Following the success of its Qantas Codeshare hackathon this past weekend, strategy firm Disruptor’s Handbook has announced yet another initiative to help a corporate foster innovative solutions, this time working within the healthtech space on behalf of Johnson & Johnson.
The Health and Technology Challenge HaTCHathon event, to be held on September 9-11 at the Billy Blue Design School in Sydney, will aim to improve how the healthcare system works, as well as create new solutions to benefit patients. It is asking participants to tackle problems ranging from treatment compliance to patient empowerment, the economic burden on the system, health equity, and obesity.
The problems facing the Australian healthcare system are growing, and so its their cost. According to data released by Professor Stephen Duckett, director of the health program at the Grattan Insitute in 2014, the cost of healthcare in Australia is increasing at 5.4 percent per year compared to annual GDP growth of around 3.1 percent; expenditure on health in Australia was estimated to be $147.4 billion in 2012-2013, which makes up about 9.5 percent of Australia’s GDP.
Given these rising costs, the number of initiatives looking to cut them down and improve services is also growing. From Westpac’s Innovation Challenge to Slingshot’s HCF Catalyst accelerator program and the recently launched HBF and Spacecubed accelerator in Perth, startups and techies around the country are being urged to develop intuitive products and services that can improve treatment outside of hospitals.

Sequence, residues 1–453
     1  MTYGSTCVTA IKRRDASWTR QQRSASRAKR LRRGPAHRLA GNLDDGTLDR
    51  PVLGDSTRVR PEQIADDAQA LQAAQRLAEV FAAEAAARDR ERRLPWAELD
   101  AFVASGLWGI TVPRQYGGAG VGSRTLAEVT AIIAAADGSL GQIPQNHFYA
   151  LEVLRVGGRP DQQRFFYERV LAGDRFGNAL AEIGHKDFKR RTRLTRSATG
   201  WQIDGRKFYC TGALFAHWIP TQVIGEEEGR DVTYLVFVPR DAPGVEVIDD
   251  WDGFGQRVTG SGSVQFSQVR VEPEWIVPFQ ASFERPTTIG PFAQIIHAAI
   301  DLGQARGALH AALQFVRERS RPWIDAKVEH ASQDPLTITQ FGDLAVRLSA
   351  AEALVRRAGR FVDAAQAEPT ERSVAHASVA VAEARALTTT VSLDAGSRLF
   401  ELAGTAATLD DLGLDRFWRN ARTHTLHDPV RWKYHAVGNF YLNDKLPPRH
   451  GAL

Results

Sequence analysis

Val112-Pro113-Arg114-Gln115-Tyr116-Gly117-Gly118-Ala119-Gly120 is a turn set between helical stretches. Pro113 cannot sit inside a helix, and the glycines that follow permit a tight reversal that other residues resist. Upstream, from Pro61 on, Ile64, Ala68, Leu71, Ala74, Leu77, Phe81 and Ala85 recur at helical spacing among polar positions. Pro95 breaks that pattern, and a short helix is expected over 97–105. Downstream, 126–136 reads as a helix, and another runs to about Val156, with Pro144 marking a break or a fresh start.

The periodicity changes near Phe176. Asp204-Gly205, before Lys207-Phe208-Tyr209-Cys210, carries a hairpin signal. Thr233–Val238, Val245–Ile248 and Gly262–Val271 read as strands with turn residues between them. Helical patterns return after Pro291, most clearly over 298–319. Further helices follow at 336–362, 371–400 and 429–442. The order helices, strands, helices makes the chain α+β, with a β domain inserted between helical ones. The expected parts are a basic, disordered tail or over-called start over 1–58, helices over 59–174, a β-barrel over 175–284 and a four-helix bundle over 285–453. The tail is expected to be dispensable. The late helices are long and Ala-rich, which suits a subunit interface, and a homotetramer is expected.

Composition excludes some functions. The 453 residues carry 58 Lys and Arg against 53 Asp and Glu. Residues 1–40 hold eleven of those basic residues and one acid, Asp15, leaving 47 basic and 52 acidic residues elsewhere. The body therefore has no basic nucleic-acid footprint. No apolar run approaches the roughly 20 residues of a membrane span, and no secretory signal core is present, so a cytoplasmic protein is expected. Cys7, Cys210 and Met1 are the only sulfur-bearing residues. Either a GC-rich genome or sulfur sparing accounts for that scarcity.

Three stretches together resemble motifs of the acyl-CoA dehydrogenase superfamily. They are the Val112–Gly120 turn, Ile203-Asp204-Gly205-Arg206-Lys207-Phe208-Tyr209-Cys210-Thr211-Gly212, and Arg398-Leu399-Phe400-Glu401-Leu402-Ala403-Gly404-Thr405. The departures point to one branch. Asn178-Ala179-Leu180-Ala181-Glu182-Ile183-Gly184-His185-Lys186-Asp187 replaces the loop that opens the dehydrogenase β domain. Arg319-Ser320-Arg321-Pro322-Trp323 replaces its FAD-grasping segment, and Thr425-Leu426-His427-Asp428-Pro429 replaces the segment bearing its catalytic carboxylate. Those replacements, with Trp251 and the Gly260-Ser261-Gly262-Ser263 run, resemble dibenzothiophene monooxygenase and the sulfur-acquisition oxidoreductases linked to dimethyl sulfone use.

The HaTCHathon event will be judged by senior representatives from Johnson & Johnson companies, Medibank, and Lorica Health, with winners to get the opportunity to work with these organisations to develop their ideas further and push their towards commercialisation.
Disruptor’s Handbook’s Qantas Code Share Hackathon this past weekend, meanwhile, the second annual event, saw Qantas staffers and external participants work to come up with new ideas to improve travel technology, with both the teams and Qantas as a business urged to go to a new level. Among the ideas developed on the weekend were airport guides to make the airport experience better, and a bot helping Chinese tourists get more information about, and book flights to, Australia.
The winner of this year’s hackathon was 2DamEdgey, a team put together by innovation consultancy Edgelabs and digital agency 2 Dam Creative.
The winning team of Stuart Hudson, Steve Brendish, Ash Fanning, Danielle Mcclurg and Mark Trinder created Transfer Buddy, an app that addresses the anxiety and pain felt by travelers with connecting flights and transfers.
You can find more information about the 2016 HaTCHathon event here.
Image: the Qantas Codeshare hackathon. Source: CIO.com